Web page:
McMaster University

McMaster University

Faculty of
Health Sciences



Lecture named for McMaster medical school pioneer

Published: March 31, 2009
J. Fraser Mustard
Dr. J. Fraser Mustard

Dr. Fraser Mustard’s contributions in the early years of McMaster University’s school of medicine and his leadership in research on early child development were recognized with the inaugural Dr. J. Fraser Mustard Lecture on the Social Determinants of Health held Monday at the Health Sciences Centre.

A pioneer of Canadian medicine and a tireless advocate of early child development, Dr. Mustard’s distinguished research career began with a focus on the role that blood platelets play in cardiovascular disease. He later demonstrated how Aspirin inhibits platelet function. This work remained the focus of his research after he moved to McMaster in 1966 where he recruited international scientists who helped establish McMaster as a major global centre for thrombosis research.

As a founding member of McMaster’s medical school, Dr. Mustard became deeply involved in developing its innovative problem-based program of medical education which has since been adopted as a model by universities around the world.

In1982, Dr. Mustard changed his career path and took on the challenge of establishing the Canadian Institute for Advanced Research (CIAR) – an "institute without walls" which brought together distinguished investigators from across Canada and around the world to carry out research in interdisciplinary teams exploring significant scientific and social challenges.

Later, he established the Founders’ Network, a ‘virtual’ research group with more than 1,000 participating doctors, scientists and researchers whose mission is to emphasize the crucial importance of children’s experiences in the first six years of life.

In 1999, Dr. Mustard co-authored the Early Years Study for the Ontario government which included specific community recommendations which led to the formation of the Council for Early Child Development and Parenting.

Throughout his career, Dr. Mustard influenced health policy in Canada, serving on many federal and provincial committees, councils and royal commissions.  His awards and honourary degrees include the Gairdner International Award, the Canada Council Izaak Walton Killam Memorial Prize and the William J. Dawson Medal of the Royal Society of Canada.  He is a companion of the Order of Canada and a laureate of the Canadian Medical Hall of Fame.

In his welcome address to the packed auditorium, Dr. John Kelton, dean and vice-president of the Faculty of Health Sciences, called it a "special moment" with a distinguished audience which included two members of the Order of Canada, a former dean, three associate deans and a university president.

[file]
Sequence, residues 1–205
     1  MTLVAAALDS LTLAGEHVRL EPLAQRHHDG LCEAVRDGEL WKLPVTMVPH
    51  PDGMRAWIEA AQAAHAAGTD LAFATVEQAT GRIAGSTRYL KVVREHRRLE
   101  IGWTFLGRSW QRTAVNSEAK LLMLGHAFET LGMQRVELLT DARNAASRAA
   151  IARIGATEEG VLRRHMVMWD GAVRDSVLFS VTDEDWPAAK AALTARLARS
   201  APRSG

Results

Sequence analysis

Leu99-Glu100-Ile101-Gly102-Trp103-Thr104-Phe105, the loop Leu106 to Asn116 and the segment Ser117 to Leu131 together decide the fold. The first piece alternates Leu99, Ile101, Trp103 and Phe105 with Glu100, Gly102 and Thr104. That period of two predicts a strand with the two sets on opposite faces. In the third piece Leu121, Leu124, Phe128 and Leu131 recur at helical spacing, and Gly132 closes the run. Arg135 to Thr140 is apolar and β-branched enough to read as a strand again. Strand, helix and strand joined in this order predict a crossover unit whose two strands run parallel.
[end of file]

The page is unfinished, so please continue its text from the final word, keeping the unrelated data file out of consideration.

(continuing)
The inaugural Dr. J. Fraser Mustard Lecture was delivered by Dr. Clyde Hertzman, director of  the Human Early Learning Partnership (HELP), the College for Interdisciplinary Studies at the University of British Columbia. He is a former student of Dr. Mustard’s who later became his colleague on research into early child development.

His presentation outlined his work on the development of British Columbia’s implementation of the early development instrument, which measures children’s state of development at kindergarten along five domains of development:  physical health and well-being, social competence, emotional maturity, language and cognitive development, and communication and general knowledge. As a result, B.C. is now the first jurisdiction in the world that has maps of early development that can illuminate the relationships between vulnerability patterns and socioeconomic conditions for every neighbourhood and school district in the province.

Dr. Jean Clinton, an associate clinical professor of psychiatry and behavioural neurosciences and associate member of the Offord Centre for Child Studies, said  that Dr. Mustard’s achievements at McMaster continue to echo today. "We hope this will become the pre-eminent lecture on the social determinants of health keeping Dr. Mustard’s work alive, and generating and growing leaders."

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